A Rockefeller Family Foundation Turns Over Some New Leaves

Over the past 18 months, the trustees and staff of the David Rockefeller Fund have embarked on a journey to engage a new generation of family trustees and reinvent a 25 year-old family foundation for a new century of philanthropic challenges. Along the way, we have been encouraged to share what we are learning and to start a dialogue with other small family foundations with shared aspirations. We’re grateful to the National Center for Family Philanthropy for the invitation to share our progress with their network of giving families.

The board of the David Rockefeller Fund is comprised primarily of family trustees who rotate bi-annually from a pool of over two dozen family members. The Fund was created by David Rockefeller, 101, and his beloved late wife, Peggy, in 1989. Today it is chaired by Michael, a grandson of Mr. Rockefeller, and involves children, grandchildren, and spouses representing six different branches of his family.

One year ago, most of the trustees gathered at an informal retreat, at the former family estate and now, non-profit, Pocantico Center, to reflect on five generations of philanthropic tradition, and identify values that remain important to three generations of current trustees. We also began the process of drafting new vision and mission statements that will serve as a North Star for the Fund’s ongoing work in the broad areas of environment, criminal justice, and the arts.  

One of the successes of that retreat was for the youngest generation of trustees to hear from their parents about the learning curve of board service at a foundation. Discussion surfaced both the expectations and the uncertainties that most family members face, at one time or another, and shared aspirations for the family foundation, which has no current plans to “spend down.” Rather than honing in on a narrow set of values, the family identified various “clusters” of values (in the chart below), renewed their commitment to all three program areas of family interest, and formed a drafting committee for a new vision and mission statement.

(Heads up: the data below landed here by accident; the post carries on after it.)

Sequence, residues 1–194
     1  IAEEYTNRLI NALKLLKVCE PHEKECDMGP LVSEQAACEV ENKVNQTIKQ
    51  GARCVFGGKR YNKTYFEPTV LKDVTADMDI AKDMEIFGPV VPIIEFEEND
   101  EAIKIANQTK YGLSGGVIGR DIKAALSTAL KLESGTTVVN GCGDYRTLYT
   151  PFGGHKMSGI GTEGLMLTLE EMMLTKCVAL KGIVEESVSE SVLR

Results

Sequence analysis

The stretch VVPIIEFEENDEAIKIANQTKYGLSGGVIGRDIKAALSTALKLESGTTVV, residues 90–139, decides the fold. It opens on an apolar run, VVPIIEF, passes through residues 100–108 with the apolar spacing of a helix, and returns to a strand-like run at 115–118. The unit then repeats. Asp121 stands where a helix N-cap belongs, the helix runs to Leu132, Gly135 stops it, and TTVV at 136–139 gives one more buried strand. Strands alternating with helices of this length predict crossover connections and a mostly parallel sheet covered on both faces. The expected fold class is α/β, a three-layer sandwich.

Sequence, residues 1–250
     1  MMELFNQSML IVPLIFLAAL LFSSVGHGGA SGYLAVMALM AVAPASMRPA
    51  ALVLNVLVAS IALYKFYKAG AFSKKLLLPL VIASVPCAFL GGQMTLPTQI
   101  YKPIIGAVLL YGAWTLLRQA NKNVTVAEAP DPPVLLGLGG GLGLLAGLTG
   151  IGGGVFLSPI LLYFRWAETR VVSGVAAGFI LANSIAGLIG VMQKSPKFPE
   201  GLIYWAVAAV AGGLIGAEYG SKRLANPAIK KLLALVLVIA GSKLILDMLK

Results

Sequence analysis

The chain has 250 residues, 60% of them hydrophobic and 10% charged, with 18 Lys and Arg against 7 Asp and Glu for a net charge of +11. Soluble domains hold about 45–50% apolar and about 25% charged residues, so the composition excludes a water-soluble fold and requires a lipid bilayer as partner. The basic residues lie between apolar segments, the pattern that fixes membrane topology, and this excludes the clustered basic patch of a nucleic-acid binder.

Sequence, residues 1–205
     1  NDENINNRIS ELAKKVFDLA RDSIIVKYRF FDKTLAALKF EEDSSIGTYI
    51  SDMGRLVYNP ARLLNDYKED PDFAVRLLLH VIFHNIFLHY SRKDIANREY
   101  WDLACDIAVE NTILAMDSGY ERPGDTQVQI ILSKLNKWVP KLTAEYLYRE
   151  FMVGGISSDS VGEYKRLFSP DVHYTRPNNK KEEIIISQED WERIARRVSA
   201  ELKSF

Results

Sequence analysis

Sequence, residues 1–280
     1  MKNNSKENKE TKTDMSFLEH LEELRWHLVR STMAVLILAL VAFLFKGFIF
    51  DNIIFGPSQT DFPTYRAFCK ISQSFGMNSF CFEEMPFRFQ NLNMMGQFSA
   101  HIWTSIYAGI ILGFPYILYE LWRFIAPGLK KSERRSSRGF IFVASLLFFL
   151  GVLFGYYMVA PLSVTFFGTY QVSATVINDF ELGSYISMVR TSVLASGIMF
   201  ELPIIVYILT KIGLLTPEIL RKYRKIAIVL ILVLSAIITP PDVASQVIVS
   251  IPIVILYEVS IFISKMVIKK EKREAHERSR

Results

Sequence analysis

One of the unexpected outcomes of the retreat was a signal from the older generation that after decades of foundation board service, in various capacities, they were pleased to play a more passive, but supportive, role as their children took over leadership of the board and key committees. They expressed pride and pleasure as a new generation took the reins of the Fund to usher its programs and activity into a new century of problems requiring sustained philanthropic attention.

Maximizing Our Assets

One material sign of that generational transition was the phasing out of trustee discretionary grants for the older generation in order to support more active learning, engagement, and travel reimbursement for their children and spouses. For the first time, we developed a trustee orientation manual setting expectations for a new generation of trustees. We are also considering ways to engage a fourth generation of even younger, great-grandchildren with volunteer opportunities or matching contributions.

All of these initiatives are part of an overall strategy of maximizing all of the assets of the foundation to leverage broader economic and social changes aligned with the Fund’s mission and values. This means considering how both the endowment and annual grantmaking resources can be leveraged to maximize impact. It also means taking advantage of the expertise of trustees and staff to develop grants, advise non-profits and affinity groups, and support advocacy towards our charitable goals to the maximum extent allowable by law. For example, we have joined sign-on letters with other foundations; convened meetings; authored op-eds; spoken at conferences, webinars and retreats; and co-hosted funder and grantee briefings to advance learning and advocacy on program priorities.